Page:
Friend – Boss
Every day on the way to my favorite snack bar here in Lilongwe (capital city of Malawi) I pass by the market. On my first day I must have looked like the stereotypical tourist peering cluelessly into all directions and clasping manically every other minute the oh-so-well hidden belt poach that was strapped around my belly, camouflaged under the almost transparent linen shirt. He spotted me with the eyes of a tiger. “Brother, come here! Look I have something to show to you.” In the end I bought one piece of his wood-carvings (his?) paying three times as much as my friend would the next day. I felt I had bargained like a pro, he probably felt the same. “I am innocent”, he told me the next day when I saw him and he saw me. “No, my name is Innocent”. How fitting, the introduction reveals more about me than about him. From this day of my first awful negotiation stunt I was initiated into the community of market vendors. Every time I now would stroll past their place I hear some of them call after me. ‘Hey brother, busy busy today?!’ ‘Friend, hey friend!’ ‘How are you my friend?’ Amid this outpouring of salutations it’s the torrent of pretended amiability that drowns my spirits. By the words’ original meanings ‘friend’ or ‘brother’ imply for me that I at least cultivate some deeper personal connection with the other person (or am born into it) than just having being outsmarted once when haggling over the price.
Am I taking this too literally perhaps? It may be that it’s just a set phrase born out of necessity, which these guys use because they simply don’t know my name. Or are they calculating that by calling me friend they will gradually tear down my resistance until eventually I will be so exhausted and call them my friends as well? A friend surely can’t deny buying some things here and there, can he? Once having accepted to be called someone’s friend (if he is your friend, then you must be his friend, it’s reciprocal after all) there might be this subterranean urge in all of us to prevent falling out of this person’s favor. You don’t want to lose a friend after all.
But after a couple of weeks greeting formulas began to change and I noticed how I was being called ‘Boss’ all the time now when I saw any of the guys. I was baffled about how to interpret this change of our relationships. In theory a friend could at the same time be your boss, but I suspect it’s not the way things were moving here. Semantically I was to be put in control (again) all the while our interaction was shifted onto a professional terrain with us now filling out formal, not private roles any longer. How the to explain the vendor’s sudden self-degradation, this change in tone? I was blending in their eyes into this group of mostly foreigners, mostly white people, who didn’t bother to engage with the market vendors. I lost the privilege of being on good terms with them and hence lost my status of ‘being a friend’. AT one point in time then I learned that I was considered selfish because I hadn’t bought at their place for so long. Apparently, keeping my money to me was interpreted as a sign of selfishness.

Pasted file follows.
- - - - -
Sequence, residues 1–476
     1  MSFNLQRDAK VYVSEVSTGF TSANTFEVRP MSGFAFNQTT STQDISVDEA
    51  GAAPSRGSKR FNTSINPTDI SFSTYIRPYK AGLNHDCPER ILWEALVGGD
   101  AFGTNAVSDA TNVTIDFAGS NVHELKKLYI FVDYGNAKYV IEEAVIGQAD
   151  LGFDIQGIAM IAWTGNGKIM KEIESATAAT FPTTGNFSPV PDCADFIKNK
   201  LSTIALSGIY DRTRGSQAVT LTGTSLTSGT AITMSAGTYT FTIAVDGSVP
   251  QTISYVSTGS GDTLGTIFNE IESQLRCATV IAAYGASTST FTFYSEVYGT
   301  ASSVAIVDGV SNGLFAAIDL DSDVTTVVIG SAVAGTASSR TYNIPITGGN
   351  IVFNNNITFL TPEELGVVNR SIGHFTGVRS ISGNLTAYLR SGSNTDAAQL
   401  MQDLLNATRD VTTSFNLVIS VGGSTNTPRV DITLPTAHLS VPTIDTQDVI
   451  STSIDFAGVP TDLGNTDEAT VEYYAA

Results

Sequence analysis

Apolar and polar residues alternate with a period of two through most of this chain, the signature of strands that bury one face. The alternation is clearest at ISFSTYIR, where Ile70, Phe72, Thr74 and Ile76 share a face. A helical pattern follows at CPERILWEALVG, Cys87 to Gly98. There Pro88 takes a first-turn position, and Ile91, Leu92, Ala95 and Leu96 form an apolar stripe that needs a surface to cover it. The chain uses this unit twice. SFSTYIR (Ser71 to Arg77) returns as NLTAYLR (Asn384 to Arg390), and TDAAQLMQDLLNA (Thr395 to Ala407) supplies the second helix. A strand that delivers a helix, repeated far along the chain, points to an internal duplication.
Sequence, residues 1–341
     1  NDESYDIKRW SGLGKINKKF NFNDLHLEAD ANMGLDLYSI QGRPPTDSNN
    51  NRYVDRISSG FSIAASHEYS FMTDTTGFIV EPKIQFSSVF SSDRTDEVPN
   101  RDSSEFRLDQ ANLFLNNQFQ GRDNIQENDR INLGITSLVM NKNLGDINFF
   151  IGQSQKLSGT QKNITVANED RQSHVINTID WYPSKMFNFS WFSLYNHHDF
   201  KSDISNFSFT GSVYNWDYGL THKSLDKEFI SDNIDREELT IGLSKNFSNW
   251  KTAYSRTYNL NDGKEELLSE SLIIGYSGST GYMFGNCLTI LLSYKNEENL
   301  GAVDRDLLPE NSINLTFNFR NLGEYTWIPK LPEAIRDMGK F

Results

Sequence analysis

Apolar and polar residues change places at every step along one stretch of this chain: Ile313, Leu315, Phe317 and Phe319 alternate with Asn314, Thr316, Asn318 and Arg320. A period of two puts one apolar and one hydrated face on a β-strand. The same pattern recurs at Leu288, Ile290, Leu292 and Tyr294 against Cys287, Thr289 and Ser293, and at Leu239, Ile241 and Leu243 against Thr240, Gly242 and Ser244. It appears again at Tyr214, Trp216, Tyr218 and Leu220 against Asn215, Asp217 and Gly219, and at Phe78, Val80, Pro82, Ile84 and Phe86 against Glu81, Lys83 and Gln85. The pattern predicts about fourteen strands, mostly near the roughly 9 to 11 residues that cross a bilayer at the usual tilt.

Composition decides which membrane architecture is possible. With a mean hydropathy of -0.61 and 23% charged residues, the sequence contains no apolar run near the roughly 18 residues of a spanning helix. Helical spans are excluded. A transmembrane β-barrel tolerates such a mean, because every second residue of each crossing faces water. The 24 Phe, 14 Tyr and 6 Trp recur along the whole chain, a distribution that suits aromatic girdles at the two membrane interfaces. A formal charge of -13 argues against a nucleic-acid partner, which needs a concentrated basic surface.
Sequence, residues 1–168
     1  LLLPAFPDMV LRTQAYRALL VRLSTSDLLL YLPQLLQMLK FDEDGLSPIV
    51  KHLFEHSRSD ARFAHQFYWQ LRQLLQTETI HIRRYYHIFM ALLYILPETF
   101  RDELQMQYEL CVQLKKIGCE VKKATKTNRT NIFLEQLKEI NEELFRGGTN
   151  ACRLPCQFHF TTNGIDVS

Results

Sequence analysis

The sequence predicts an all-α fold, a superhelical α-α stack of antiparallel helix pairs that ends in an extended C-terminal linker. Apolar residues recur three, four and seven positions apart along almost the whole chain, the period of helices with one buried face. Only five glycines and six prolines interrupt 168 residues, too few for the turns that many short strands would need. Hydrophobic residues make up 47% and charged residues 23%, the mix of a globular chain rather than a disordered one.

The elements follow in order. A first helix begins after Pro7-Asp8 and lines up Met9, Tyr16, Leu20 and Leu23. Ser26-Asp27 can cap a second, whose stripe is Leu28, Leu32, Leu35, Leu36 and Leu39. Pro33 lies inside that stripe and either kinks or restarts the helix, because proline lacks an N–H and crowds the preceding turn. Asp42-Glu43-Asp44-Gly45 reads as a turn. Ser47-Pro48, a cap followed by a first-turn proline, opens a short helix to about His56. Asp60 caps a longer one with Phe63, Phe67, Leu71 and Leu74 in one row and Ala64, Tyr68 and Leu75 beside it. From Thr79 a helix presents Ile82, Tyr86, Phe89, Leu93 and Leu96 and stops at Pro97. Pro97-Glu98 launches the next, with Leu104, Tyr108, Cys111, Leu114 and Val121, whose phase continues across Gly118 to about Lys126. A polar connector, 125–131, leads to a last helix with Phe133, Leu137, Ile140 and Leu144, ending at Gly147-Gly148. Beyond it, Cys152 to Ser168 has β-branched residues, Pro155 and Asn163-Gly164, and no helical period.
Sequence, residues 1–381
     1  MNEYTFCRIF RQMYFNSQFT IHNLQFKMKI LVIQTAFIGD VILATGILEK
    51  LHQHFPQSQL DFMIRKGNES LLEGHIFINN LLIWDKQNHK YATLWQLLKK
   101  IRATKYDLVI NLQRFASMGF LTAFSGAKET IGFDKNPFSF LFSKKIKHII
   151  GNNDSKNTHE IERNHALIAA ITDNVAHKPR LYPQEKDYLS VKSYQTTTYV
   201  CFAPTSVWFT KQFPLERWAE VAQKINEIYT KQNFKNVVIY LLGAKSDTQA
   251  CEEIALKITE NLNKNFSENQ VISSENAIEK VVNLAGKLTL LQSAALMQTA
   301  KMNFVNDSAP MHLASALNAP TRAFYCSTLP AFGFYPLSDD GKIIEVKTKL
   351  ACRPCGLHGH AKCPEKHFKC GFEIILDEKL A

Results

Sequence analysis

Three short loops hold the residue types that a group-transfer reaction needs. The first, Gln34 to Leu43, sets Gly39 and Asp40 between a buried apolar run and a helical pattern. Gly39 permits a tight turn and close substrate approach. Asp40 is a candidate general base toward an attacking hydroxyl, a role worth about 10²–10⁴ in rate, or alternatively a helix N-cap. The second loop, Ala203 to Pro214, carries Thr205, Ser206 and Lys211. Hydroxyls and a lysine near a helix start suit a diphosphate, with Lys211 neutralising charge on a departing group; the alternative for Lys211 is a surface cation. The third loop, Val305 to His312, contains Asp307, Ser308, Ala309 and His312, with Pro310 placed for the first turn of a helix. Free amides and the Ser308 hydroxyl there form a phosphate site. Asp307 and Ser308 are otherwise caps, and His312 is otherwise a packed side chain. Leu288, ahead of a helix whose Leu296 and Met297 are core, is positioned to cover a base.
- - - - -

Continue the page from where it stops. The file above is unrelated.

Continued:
The slip in tone that signaled I was deemed superior to them in fact strongly demarcated the differences between them and me: me being part of the internationals, part of the group of Whites. This association reactivated a colonial mindset with its respective linguistic repertoire. I was the boss now. And this was not in the sense of ‘the customer is the king’.
I find it deeply troubling how these remnants of colonial rule seemingly become perpetuated through the self-degradation of the local market vendors in this case. I might have never been considered as an equal human being when called their ‘friend’ in the first place, but hearing people fall back into categories of ‘boss’ and subordinates is even more painful to face. Why is it still so ingrained in the speech of many people to salute others and me that simply happen to have a white skin color?